Again I got some good comments. Heather asked about the cause of apathy. Why are upcoming generations more apathetic? I think there are a couple of answers.
First I want to address family. When I was thinking of posting about apathy I had thought of posting this, but forgot yesterday while I was typing. So it's a little late, but right on topic. My grandfather (the one who provides pen names to my boys) once commented that when he was a boy he would do absolutely anything to make his father proud of him. There was a tremendous respect for parents and children valued their parents opinions. In current generations, parents will do almost anything to please their children. It is as if parenting and family values have done a complete flip-flop. Now you are going to ask me why that happened... I don't have a clue. My first idea would be to suggest that many of my grandfather's generation found the parenting to be too strict and many of the parents of that generation were unsuccessful at gaining respect from their children. Instead of respect they got some animosity and a desire to raise children differently than they had been raised. When it was time for the next generation to raise kids they wanted to make sure their kids liked them, so they gave them everything they wanted.
That idea seems logical, until you take a bigger perspective. My grandfather's generation was not the first generation to have parents. I'm sure civilizations have been struggling to raise children for most of the history of mankind. (Cain and Abel come to mind.) So why did this suddenly happen in just a few generations? Has this happened before in other civilizations? I don't know.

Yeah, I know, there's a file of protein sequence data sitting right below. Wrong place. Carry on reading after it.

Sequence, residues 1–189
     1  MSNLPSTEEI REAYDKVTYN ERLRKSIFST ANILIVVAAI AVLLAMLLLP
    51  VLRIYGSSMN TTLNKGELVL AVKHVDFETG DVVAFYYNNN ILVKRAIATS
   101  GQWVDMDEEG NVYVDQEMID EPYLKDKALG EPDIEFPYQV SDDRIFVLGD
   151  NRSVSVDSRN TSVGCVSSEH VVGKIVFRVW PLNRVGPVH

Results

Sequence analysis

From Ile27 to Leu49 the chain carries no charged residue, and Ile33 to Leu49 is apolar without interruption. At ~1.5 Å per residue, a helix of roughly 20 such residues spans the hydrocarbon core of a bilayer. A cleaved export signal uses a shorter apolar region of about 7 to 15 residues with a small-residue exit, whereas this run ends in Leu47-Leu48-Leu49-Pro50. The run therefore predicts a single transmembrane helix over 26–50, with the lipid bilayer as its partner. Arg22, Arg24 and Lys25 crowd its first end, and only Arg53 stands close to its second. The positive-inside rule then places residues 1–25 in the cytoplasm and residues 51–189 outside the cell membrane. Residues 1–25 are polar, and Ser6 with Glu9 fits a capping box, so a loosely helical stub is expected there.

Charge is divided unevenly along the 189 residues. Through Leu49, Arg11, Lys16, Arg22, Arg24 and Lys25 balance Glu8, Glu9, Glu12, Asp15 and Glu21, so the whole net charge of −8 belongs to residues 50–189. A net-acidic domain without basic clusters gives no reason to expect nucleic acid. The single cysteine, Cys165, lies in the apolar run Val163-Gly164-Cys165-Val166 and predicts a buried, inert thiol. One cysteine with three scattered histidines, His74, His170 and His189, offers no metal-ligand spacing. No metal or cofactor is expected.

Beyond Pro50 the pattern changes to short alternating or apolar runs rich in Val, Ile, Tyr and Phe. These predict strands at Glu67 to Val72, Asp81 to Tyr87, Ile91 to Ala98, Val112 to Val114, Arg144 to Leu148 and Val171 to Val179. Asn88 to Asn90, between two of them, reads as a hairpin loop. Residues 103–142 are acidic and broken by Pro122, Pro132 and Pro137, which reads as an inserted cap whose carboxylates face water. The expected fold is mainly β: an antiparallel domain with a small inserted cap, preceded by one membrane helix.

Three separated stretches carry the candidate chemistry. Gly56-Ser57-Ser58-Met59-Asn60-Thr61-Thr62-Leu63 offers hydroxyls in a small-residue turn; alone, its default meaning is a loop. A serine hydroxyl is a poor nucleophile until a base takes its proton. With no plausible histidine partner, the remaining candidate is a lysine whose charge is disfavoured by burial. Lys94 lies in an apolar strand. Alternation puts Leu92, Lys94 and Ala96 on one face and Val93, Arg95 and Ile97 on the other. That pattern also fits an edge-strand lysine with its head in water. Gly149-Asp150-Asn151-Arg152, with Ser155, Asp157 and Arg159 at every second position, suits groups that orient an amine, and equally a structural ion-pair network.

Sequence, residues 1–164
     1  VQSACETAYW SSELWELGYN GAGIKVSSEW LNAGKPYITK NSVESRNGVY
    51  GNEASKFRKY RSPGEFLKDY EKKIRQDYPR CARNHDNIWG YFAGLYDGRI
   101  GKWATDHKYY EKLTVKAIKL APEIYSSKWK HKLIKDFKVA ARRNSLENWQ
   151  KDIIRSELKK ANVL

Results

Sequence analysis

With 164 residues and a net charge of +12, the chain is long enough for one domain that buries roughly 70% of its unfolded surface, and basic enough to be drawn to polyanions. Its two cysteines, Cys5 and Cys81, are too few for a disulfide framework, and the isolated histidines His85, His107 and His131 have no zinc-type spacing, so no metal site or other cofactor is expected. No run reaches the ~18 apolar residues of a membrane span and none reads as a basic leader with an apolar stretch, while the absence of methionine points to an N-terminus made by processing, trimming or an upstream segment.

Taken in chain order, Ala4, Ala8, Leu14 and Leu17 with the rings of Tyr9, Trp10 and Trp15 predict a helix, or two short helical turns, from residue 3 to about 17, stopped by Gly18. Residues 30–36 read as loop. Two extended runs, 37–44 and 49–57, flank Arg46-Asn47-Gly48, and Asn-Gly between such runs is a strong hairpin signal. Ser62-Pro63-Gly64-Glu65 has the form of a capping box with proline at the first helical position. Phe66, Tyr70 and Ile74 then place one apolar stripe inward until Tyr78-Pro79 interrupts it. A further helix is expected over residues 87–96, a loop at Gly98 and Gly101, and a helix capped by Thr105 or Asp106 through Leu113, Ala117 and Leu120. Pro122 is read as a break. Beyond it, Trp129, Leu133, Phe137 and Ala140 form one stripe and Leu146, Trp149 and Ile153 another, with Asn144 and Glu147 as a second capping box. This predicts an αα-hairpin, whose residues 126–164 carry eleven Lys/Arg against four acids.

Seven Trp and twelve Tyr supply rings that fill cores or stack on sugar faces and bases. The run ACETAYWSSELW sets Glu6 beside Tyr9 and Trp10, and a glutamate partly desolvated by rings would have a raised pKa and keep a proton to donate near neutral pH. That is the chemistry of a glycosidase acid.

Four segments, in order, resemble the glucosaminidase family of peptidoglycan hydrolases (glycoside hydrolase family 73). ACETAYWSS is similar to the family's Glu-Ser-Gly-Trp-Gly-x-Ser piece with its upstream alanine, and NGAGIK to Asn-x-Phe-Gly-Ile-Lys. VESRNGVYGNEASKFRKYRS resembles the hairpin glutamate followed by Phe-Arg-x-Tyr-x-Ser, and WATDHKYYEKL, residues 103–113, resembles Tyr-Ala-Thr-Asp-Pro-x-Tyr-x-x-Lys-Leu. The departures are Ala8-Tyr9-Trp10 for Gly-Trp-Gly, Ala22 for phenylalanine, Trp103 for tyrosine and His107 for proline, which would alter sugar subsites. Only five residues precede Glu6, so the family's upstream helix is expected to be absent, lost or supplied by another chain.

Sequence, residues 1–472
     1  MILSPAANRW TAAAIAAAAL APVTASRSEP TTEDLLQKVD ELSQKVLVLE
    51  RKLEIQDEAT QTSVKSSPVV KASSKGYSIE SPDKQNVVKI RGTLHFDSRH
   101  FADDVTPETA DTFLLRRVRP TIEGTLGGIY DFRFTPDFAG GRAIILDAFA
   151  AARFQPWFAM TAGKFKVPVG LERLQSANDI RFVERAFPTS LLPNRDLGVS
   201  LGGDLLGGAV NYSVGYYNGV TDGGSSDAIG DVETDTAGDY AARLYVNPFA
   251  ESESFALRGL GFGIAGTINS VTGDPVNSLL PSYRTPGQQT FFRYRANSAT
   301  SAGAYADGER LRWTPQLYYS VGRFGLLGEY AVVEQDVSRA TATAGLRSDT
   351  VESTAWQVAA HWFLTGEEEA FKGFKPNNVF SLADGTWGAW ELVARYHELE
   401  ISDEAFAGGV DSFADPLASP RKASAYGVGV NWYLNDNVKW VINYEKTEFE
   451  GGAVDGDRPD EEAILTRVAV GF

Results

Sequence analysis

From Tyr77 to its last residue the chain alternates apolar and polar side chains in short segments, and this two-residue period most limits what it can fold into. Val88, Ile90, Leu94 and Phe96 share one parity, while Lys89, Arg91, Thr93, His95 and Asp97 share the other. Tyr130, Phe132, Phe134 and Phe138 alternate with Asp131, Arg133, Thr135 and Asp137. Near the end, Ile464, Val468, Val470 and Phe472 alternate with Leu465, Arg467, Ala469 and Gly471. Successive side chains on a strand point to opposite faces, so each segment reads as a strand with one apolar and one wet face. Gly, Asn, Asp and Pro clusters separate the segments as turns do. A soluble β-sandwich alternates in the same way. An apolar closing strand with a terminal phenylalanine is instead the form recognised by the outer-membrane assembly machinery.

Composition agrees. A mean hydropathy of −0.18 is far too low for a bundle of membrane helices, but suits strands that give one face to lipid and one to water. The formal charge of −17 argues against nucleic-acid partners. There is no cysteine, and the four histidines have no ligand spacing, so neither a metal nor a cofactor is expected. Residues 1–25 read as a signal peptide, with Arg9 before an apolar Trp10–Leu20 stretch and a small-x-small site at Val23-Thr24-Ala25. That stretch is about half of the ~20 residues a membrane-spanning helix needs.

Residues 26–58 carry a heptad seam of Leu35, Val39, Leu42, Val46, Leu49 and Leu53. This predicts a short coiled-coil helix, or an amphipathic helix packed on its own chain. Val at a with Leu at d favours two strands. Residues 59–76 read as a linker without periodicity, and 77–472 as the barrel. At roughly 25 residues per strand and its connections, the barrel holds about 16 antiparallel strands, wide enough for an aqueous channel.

My second thought for why upcoming generations are more apathetic is distance. 'The system' has been developed to distance the consumer from consequences of production. For example I was listening to a show on NPR this morning about mushrooms. When you buy mushrooms at the store, do you know where they come from? While some are local, many are shipped here from China (meaning the fungus has spent months in the shipping process). Can you tell the difference? I can't, I don't know the first thing about mushrooms. So how do you find out where your mushrooms came from? You ask the store manager. Generally the store manager does not know, but he can ask the distributor. The distributor often knows, but sometimes has to ask another middle man. And I should point out that by law the distributor can remove and 'made in China' markings and replace them with 'distributed from California' or 'product of California'. The point is that as a consumer, I have been distanced from the product that I am buying.
Now let's look at the flip side. Let's take a small community from the 18th century and see how things would be different. You need to buy meat, so you go down to the local butcher. You know the butcher because it is a small town. You probably also know the people who may work for the butcher and the people from whom the butcher purchases animals. If the butcher is known to deal unfairly with the people who sell him animals, that gets around town and people find a different butcher because they don't like what the current butcher is doing to their friends. In the old way there are consequences to dealing unfairly with people and there is social pressure not to support poor businesses. In the current system, we don't see what the businesses do, we just look for 'low prices'. How was the business able to provide low prices? Why do I care, I'm just watching out for my pocketbook.